Fatal car crash 'one of the worst'
Fireman recalls Gordonton fatalMATT BOWEN AND JONATHAN CARSON
Firefighter James Wine almost wants his kids to see the horror of yesterday's car smash on Gordonton Rd.
The Chartwell Fire Station senior firefighter was first on the scene where three young men died after crashing head-on into a gum tree on the dark rural roadside.
A fourth man, 19, sat unconscious, but still breathing, in the back seat of the crumpled red saloon strewn with empty beer bottles and stinking of booze.
The emergency call came from a passing motorist just after 5am.
"There were a few bystanders there and obviously they were in shock," Mr Wine said of his arrival at the scene between Boyd and Borman roads, northeast of Hamilton.
"We could see straight away that it was a frontal impact and it's a 100kmh road so you know in the back of your mind that it's going to be high speed and obviously the trauma is associated with that."
The car was clamped shut on the dead, but the passenger in the rear left seat had a pulse.
"I had my blinkers on and was focused on the car. We cut the roof off, removed it so it was easier access, but we still brought him out the side."
The survivor suffered critical head and other injuries and was rushed to Waikato Hospital, where he remains in intensive care.
The driver and front seat passenger were both aged 18, the rear right passenger, 19. All were from South Auckland.
Waikato road policing manager Inspector Leo Tooman has seen hundreds of crash scenes during his long career, but described yesterday morning's as "one of the worst".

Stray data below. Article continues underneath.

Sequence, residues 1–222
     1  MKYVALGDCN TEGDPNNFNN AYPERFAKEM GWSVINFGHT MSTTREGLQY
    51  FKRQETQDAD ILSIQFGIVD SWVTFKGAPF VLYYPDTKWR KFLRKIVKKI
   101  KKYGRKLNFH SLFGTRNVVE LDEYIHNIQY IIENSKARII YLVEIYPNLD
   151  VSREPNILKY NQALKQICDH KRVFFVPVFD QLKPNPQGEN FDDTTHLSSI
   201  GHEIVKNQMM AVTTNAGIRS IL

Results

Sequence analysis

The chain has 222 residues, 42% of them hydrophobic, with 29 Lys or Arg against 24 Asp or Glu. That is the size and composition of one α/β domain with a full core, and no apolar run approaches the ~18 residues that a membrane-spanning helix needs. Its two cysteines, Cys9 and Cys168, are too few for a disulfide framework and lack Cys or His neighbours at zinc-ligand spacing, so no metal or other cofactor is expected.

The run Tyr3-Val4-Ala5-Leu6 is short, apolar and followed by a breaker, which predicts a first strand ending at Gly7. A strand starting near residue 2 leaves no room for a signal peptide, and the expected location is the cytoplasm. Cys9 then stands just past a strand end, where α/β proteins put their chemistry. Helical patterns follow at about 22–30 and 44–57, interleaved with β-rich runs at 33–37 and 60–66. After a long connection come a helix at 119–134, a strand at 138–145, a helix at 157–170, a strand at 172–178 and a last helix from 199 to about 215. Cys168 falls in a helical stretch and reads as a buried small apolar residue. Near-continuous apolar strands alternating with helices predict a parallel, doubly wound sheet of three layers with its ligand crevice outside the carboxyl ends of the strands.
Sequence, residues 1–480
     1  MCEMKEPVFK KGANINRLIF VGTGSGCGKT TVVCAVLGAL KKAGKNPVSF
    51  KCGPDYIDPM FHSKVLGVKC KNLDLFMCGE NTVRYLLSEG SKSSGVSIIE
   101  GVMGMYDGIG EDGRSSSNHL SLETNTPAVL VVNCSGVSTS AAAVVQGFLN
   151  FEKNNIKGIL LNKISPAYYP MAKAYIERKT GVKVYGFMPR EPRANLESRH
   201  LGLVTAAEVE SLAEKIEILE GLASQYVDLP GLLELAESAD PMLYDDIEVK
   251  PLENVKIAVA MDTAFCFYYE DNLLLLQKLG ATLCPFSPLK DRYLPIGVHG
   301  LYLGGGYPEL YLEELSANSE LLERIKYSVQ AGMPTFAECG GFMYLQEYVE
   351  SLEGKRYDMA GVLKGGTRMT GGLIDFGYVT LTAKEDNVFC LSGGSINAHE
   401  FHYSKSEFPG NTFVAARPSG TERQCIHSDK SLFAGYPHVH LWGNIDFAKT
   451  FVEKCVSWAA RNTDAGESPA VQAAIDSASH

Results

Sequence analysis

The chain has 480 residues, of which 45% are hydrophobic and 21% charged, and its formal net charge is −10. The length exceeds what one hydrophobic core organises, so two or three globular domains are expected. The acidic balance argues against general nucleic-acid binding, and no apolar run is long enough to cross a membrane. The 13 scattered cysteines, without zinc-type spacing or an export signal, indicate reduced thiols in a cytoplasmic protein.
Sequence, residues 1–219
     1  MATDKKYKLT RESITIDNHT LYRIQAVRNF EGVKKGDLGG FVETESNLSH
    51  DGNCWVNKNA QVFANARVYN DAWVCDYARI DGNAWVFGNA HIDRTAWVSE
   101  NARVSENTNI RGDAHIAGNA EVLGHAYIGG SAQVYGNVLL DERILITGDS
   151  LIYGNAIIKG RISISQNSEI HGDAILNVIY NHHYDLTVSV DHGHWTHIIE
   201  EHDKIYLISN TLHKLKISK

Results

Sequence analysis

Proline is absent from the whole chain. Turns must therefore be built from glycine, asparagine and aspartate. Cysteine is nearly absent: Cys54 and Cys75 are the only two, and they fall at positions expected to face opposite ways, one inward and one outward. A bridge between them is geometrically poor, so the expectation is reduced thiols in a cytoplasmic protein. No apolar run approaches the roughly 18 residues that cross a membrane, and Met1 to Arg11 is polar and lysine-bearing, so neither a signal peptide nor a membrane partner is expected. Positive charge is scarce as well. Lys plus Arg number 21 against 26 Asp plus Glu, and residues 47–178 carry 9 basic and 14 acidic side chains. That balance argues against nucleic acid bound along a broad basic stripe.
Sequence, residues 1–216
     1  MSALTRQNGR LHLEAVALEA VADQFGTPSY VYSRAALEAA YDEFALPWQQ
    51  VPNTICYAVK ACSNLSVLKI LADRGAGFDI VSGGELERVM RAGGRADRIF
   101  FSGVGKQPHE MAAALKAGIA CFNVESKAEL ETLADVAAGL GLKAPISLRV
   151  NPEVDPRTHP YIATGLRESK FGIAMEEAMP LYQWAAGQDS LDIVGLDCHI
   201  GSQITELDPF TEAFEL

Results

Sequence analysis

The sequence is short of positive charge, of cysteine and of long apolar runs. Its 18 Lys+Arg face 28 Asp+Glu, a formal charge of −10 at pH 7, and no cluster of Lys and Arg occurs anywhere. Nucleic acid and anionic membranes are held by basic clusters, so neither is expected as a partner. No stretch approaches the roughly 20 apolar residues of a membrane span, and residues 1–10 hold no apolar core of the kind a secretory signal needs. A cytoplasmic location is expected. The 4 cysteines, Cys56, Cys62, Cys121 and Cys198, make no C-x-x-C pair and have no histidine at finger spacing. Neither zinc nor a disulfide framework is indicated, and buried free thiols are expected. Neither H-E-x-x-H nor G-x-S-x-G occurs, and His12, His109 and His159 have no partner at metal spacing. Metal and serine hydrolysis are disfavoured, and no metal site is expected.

The red Nissan ploughed into the tree at speed – the only tree on the stretch of road. There was no pre-impact braking, no time for the driver to react.
The impact was so severe that part of the engine burst through the fire wall, and the shape of the tree trunk was embedded in its bonnet.
"Until we actually get the blood analysed by ESR we can't actually say whether or not the driver was alcohol impaired," Mr Tooman said.
With the crash happening about 5am fatigue could also have been a factor, he said.
Mr Wine said the fire service was attending an increasing number of fatal road accidents, especially in Waikato. There are counsellors available, but humour is Mr Wine's therapy.
He "almost" wants his two children to see what he has seen, so they know what can and does happen.
He puts the macabre images behind him, but they are always there, imprinted in his memory.
"Life's a gift. These guys were so young ... But how many times do you have to say it? It's almost like they have to see it for themselves.
"My heart goes out to the families. it's a huge snowball effect. Three, maybe four guys ... that's going to affect a huge pool of people. Someone's son, someone's brother. Mums and dads will be getting that message that every mum and dad of a teenager dreads."
WAIKATO ROAD TOLL
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